Staring at the shattered axe, ruined roof and damaged concrete, I, for the first time in our six-year relationship, completely lost my temper, cussing and shouting at him. But I discovered, as have all the villagers, that such invective was but water off a ducks back. Completely unabashed he asked for a saw. I shouted that I had not got a saw, because he had totally ruined my last one, just as he has now wrecked my axe. Whereupon he asked for my other axe – my best one. On my point-blank refusal he got aggressive. Shouting and slaking his ham-like fists at me. As he is as strong as an elephant and as destructive as a rogue one, I grabbed a spade and ran him off the property.
He later returned, sulkily, to retrieve his branch. He also offered, grudgingly, to repair the roof. The thought of Jay wrecking the rest of the roof or ‘repairing’ it with my tools, whilst simultaneously ruining them as well, made me laugh, which Jay joined in as if sharing a mutual joke. Ever quick on the uptake when cadging is at stake, he repeated his request to borrow my best axe. A second point-blank refusal brought back the sulks, and he stomped off with his branch over his shoulder.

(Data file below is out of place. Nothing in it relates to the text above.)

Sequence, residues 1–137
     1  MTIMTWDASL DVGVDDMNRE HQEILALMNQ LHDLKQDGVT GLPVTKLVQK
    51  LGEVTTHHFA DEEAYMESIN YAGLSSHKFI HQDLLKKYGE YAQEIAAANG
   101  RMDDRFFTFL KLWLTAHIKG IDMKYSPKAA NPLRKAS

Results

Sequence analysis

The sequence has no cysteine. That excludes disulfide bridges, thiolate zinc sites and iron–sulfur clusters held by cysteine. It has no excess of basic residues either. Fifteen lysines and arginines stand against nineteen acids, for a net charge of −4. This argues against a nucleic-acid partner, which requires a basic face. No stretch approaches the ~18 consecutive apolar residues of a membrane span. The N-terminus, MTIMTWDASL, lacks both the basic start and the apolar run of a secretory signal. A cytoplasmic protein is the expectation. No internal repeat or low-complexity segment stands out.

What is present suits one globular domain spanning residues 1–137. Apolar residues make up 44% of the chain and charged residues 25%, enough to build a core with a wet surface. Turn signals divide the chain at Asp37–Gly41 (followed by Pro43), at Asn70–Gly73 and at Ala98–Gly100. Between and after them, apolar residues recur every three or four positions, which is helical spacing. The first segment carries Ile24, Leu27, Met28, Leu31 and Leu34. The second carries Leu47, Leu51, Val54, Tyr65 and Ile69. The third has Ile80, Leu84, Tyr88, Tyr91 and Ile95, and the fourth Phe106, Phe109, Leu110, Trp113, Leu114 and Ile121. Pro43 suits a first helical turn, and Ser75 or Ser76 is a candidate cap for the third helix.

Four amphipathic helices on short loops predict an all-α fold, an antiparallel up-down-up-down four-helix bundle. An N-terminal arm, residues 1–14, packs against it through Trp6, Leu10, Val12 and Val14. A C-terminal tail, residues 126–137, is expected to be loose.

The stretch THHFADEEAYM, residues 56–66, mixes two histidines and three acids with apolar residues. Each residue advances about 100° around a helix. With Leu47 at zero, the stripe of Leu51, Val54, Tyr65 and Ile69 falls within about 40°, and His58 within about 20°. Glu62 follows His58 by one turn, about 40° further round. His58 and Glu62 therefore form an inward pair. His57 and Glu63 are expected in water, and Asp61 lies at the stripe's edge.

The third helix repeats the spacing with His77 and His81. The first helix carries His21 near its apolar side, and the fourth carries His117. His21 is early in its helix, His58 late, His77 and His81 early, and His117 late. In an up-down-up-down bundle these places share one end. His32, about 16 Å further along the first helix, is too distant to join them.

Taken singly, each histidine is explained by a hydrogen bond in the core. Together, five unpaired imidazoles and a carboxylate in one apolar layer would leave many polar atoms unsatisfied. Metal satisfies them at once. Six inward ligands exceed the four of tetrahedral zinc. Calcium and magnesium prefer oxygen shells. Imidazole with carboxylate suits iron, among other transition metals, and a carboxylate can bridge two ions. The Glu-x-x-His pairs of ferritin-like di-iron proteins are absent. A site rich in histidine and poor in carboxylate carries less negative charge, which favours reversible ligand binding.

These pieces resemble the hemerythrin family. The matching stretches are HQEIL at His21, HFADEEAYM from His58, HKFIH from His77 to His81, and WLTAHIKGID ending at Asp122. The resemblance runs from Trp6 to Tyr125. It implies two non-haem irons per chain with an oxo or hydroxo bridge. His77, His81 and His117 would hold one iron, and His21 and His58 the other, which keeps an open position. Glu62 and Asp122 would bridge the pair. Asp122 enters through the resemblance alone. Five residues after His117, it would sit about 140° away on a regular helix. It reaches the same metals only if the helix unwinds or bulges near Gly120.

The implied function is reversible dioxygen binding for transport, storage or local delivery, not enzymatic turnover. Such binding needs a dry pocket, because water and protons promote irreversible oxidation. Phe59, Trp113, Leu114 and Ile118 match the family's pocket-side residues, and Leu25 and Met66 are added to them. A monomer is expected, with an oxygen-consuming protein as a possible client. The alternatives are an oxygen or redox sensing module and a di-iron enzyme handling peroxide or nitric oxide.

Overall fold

I should have known better as Jay has personally ‘lost’ a wheelbarrow of mine. All I know is that it went down the lane and never returned. Last summer, Jay got through four wheelbarrows, only one of which was his own and ruined a saw, mine. Now, an axe, a shed roof and he had damaged a concrete floor, mine again.